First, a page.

Orbit Chemical Industries bought the site where it located in Nairobi’s Industrial Area in 1987. The firm wanted to build a factory but was unable to, as the land was inhabited. After years of legal wrangling, Orbit Chemical says it decided, in 2008, to try to sell the land off in parts.
Orbit Chemical says some plots were donated and given to schools, churches and public facilities but, not wanting to completely lose their investment, the company also tried to sell plots to the existing community. However, rogue landlords were already charging tenants rent.
“We came up against massive resistance,” says Sachen Chandaria, CEO of Orbit Chemical. Many of the plots are still in Orbit’s possession but others, outside the company, have their eyes on what could be lucrative land.
Questions are being asked about how heavy government equipment and state police were used to clear private and donated land without notice. The clearance is intended to create room for the construction of a new road linking the Jomo Kenyatta International Airport to the to the posh residential areas to the west.
“Someone, somewhere – and we are still investigating to know who exactly – used that opportunity to actually evict people … who had no indication at all that their settlement would be demolished,” says Dr Nicholas Orago, executive director of Hakijamii, a social rights NGO.
Orbit Chemical says it is perplexed by the demolition. “We didn’t know. We have no intention to evict and we’ve never had intention to evict. We have been fighting this for 30-plus years,” says Chandaria. “If I really had the power to do this, why would I have been fighting for 30 years?
“We are manufacturers, I wouldn’t know who to call to do this. It’s a complete nightmare. I sit here every day wondering how to deal with this.”
Orbit Chemical was hoping their division of land would provide a model for the development of proper housing and infrastructure.
Jennifer Atiano and her baby are living in one of hundreds of makeshift wood and sacking shelters that have sprung up. Both are HIV positive, but their medicine, documents and ID were lost. “Suicide even came to my mind,” says Atiano, who was sacked for being late for work the day after the demolition. Her boss refused to listen to “any excuses”.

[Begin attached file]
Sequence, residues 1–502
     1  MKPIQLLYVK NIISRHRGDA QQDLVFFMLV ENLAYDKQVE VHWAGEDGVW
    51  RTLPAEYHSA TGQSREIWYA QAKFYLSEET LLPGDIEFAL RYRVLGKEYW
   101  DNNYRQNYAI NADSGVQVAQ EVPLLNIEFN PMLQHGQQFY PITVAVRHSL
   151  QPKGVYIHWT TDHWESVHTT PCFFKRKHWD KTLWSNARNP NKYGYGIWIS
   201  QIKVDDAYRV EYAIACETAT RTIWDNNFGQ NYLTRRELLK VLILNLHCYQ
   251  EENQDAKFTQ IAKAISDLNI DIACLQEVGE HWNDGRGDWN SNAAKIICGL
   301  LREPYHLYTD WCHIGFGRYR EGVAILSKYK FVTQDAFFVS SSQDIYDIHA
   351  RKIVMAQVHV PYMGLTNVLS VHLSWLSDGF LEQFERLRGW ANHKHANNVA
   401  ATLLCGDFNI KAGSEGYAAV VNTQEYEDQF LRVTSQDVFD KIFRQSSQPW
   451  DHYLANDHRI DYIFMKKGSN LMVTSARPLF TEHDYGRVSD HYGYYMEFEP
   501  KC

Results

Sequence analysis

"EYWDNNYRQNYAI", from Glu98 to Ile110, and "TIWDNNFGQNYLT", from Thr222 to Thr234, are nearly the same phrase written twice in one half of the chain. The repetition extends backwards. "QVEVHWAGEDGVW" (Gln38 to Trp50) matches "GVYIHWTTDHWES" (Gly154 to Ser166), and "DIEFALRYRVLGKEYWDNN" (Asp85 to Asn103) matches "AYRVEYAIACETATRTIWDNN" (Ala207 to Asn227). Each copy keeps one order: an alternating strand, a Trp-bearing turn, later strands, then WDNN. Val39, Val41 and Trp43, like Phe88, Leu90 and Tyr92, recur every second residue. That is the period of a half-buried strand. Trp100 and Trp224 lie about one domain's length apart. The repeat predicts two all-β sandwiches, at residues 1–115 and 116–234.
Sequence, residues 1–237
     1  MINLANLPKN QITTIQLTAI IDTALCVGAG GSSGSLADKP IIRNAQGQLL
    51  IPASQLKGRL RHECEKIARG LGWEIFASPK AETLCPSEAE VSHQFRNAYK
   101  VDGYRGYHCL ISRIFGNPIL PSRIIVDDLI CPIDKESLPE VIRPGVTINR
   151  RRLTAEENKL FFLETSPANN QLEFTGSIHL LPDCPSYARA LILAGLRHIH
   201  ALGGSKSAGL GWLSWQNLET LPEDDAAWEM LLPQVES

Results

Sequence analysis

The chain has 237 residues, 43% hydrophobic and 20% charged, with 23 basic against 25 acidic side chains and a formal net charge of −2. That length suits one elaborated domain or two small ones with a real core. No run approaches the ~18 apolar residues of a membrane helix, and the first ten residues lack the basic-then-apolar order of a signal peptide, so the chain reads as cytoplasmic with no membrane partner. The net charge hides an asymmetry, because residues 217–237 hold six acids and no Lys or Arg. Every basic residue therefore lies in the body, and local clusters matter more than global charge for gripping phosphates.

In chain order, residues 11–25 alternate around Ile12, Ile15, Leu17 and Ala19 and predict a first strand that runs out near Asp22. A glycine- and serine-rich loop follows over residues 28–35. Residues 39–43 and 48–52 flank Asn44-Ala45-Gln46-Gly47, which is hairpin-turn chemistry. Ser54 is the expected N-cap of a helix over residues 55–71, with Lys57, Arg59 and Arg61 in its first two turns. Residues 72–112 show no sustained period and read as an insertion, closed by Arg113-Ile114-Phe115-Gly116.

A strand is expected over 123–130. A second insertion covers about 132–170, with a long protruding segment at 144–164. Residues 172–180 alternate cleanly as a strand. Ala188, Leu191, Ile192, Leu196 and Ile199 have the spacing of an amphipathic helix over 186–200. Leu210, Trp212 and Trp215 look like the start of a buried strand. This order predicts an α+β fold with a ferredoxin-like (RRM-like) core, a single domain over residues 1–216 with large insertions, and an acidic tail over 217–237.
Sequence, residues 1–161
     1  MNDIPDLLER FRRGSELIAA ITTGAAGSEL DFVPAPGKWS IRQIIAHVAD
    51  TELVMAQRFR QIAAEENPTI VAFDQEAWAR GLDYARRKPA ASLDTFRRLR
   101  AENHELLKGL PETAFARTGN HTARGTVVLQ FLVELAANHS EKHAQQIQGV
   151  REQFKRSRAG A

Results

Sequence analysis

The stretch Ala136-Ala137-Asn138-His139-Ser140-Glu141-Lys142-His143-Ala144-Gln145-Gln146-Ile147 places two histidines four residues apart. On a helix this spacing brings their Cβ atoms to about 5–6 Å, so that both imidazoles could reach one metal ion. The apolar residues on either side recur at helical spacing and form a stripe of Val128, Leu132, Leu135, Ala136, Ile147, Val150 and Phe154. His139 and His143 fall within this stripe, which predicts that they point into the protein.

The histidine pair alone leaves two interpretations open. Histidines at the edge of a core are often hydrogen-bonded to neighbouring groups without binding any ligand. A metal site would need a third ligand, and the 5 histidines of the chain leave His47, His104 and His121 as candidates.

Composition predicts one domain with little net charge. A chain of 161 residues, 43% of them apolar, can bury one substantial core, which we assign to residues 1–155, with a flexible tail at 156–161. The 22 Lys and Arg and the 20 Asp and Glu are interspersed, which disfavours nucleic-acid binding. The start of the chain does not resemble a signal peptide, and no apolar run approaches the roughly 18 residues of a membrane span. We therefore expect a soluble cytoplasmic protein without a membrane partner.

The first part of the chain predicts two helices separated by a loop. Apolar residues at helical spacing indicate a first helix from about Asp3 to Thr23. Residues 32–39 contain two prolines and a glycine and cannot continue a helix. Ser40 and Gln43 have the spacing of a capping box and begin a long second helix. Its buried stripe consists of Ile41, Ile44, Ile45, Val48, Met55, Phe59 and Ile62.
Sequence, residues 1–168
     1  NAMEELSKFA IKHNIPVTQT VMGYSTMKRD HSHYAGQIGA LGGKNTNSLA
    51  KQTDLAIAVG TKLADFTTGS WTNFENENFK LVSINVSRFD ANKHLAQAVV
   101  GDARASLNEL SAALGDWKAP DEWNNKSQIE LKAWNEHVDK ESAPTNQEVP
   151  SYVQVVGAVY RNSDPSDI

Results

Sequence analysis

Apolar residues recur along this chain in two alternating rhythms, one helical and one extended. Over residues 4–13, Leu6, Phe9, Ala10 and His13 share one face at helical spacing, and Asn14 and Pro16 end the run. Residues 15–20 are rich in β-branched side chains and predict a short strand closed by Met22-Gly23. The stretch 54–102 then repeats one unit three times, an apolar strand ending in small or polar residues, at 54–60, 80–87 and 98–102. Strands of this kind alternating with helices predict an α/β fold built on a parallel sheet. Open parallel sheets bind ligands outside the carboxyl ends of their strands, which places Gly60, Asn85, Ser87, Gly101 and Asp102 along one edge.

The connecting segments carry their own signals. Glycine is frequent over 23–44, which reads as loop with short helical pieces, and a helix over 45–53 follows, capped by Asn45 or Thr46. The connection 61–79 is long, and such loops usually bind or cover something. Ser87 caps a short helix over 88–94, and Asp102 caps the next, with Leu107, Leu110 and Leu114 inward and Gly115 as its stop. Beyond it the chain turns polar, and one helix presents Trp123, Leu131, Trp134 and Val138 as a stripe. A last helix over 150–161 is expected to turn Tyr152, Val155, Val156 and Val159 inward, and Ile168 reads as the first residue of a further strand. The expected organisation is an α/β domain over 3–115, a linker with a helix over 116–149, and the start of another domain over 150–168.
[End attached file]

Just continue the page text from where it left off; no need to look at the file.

The situation is deteriorating. Minoo Kyee, from Mukuru Community Justice Centre, says: “With people sleeping outside, there is a lot of sexual and gender-based violence that is not being documented.” Kyee’s community centre was demolished, leaving people unable to report crimes or find social support. “Husbands are beating their wives out of anger and frustration over what has happened,” she says.
Abdia Noor, 52, a businessman now sleeping rough with his family, says: “Children are not going to school and toddlers are getting respiratory problems from sleeping in the cold.”
Augustine Nthumbi, Nairobi’s police commander, says he oversaw the demolition and that “no one was injured”. He says the work was done “very quietly and by the time that they started … all those shanties … were already vacated, anyone who sleeps outside wants to sleep outside. There is nothing inhumane that happened there, unless people want to fabricate issues.”
Forced evictions happen regularly in slums but rarely on this scale. Gichengo says: “This is the biggest eviction during the pandemic. President Kenyatta had given a moratorium on all evictions and it’s coming at a time when the economy is under duress.” She says although there were meetings about the proposed demolitions, the message didn’t get to the majority of people.
Africa Kiiza, trade policy analyst at the University of Hamburg in Germany, says infrastructure development in east Africa is happening “at all costs, whether that’s environmental or humanitarian”.
“This is development for who? You are affecting the people who you are meant to be helping.”
Nairobi’s congested roads mean that business people and diplomats sit for three or four hours in traffic to get from the airport to meetings. The new expressway, which has been criticised by environmentalists, is part of a shift towards “emphasising and redefining the colonial trend of infrastructure mapping” says Kiiza, where roads, airports and railways are built in “areas of strategic importance with little consideration of the needs of the locals”.
The road will make up part of China’s belt and road initiative, an ambitious agenda to link land and sea trade routes across Asia and Africa.
According to Kiiza, African governments often look to China for funding development as the country is less rigid than US or European funders when it comes to human rights or corruption. “China does not care, as long as it’s getting the construction tender,” he says.
Kenya is heavily in debt to China. Kiiza describes the relationship between the two countries as “parasitic”. The power imbalance is a “reinforcement of imperialism, where, if a country fails to pay, it is forced to give away access and control to natural and strategic resources like ports and airports”, he says.
Nairobi’s governor, Anne Kananu Mwenda, announced that people living in Mukuru Kwa Njenga would be helped to rebuild outside of the expressway’s path and Major General Mohammed Badi, head of Nairobi Metropolitan Services, tasked with carrying out the demolition, told residents that the president would use his own money to help them rebuild.
“People are desperate, so when you bring the building materials people will fight to get the sheets and it will create violence in the community,” says Kyee.
The Kenya Red Cross has handed out tarpaulins for shelters, and church groups have been bringing food. Outdoors in the merciless rain, displaced people burn tyres to keep warm. Pastor Regina Ndinda, 53, sits on a red velvet chair among the rubble of her church and home of 25 years, reading her Bible. “I’m looking for something to comfort me, because my heart is broken,” she says.
- The Guardian report